There are many species of fungi that cause infections. These range from yeasts which include different Candida species, such as the drug-resistant C. auris, to filamentous fungi such as Aspergillus spp. and Mucor spp.. Many of these species can be “carried” by their human host in their microbiome without causing disease. However, given the opportunity fungi can cause diseases ranging from common and mild to moderate dermatophyte infections to severe and, in many cases, fatal diseases such as invasive Aspergillosis.

The need for antifungal resistance monitoring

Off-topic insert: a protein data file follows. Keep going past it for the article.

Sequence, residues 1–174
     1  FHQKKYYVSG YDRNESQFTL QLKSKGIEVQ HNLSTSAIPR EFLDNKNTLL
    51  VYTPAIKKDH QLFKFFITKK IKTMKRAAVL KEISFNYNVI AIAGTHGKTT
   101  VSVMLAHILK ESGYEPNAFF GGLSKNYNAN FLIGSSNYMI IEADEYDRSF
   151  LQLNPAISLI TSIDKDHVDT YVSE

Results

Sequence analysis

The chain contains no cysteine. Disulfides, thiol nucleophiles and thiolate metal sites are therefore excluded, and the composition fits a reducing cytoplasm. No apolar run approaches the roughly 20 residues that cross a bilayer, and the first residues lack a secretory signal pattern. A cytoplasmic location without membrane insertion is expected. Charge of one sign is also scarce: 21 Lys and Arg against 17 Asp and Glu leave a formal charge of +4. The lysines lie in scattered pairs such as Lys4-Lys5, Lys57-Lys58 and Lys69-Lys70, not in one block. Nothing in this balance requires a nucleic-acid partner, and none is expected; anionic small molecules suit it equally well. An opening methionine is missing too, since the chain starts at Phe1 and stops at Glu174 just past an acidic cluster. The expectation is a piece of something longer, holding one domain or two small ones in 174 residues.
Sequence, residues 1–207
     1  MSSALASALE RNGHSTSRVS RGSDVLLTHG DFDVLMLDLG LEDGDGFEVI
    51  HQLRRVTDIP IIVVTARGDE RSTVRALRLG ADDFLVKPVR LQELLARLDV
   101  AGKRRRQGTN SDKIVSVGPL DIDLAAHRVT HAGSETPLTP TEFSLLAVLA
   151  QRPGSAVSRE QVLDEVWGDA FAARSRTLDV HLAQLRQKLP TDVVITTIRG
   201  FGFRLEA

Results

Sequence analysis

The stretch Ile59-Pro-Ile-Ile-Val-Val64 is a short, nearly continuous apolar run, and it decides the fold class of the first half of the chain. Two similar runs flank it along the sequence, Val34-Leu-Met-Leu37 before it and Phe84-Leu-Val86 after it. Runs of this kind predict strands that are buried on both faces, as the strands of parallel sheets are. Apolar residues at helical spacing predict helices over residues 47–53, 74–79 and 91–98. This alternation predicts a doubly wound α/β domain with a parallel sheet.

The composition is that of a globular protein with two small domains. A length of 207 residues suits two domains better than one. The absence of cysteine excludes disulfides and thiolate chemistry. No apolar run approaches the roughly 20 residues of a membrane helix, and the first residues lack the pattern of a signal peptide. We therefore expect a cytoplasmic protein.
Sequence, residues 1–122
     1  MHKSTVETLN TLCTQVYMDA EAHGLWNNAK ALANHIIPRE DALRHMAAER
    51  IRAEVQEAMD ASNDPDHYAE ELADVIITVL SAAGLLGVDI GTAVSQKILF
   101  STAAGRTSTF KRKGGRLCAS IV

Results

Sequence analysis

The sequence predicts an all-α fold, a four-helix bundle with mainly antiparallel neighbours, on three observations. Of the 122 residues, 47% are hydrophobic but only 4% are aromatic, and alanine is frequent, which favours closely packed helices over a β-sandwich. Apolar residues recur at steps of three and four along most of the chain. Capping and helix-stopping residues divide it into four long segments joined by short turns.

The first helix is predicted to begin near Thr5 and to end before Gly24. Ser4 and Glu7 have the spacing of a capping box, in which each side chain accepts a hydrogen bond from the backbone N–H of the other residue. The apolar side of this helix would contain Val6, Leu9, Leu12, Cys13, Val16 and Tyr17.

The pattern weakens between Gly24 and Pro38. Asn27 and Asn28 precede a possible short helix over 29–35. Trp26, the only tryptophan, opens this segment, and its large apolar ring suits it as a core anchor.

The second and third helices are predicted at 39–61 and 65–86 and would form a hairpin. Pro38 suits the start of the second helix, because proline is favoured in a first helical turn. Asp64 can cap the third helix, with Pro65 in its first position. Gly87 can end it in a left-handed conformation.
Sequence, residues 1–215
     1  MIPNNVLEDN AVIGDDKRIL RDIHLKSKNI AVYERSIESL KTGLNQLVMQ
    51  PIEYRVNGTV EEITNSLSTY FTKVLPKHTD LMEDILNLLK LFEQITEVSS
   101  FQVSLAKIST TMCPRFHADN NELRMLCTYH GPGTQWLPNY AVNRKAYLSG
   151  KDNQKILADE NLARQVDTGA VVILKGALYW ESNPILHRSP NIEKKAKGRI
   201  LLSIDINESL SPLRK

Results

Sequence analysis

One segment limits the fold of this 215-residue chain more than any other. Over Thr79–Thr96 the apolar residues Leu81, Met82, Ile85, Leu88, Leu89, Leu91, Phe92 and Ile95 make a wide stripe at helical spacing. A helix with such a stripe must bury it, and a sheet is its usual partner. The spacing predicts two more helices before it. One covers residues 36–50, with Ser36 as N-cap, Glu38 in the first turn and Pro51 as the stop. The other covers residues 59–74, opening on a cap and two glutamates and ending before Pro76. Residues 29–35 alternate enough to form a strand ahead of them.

Considering that there are hundreds of such fungal species, understanding the characteristics of such organisms is paramount. An appreciation of any changes in clonal dominance and spreading, dissemination within and between human populations as well as antifungal susceptibility are all incredibly important. In a nutshell, there is a need for “antifungal surveillance monitoring” and sharing such surveillance data is essential in educating scientific, medical and laypeople. It is fundamental that these studies have a global reach, especially to avoid yet another public health crisis lurking around the corner. Notably, such monitoring is encouraged by the United States Centers for Disease Control (CDC)4 and the World Health Organisation5.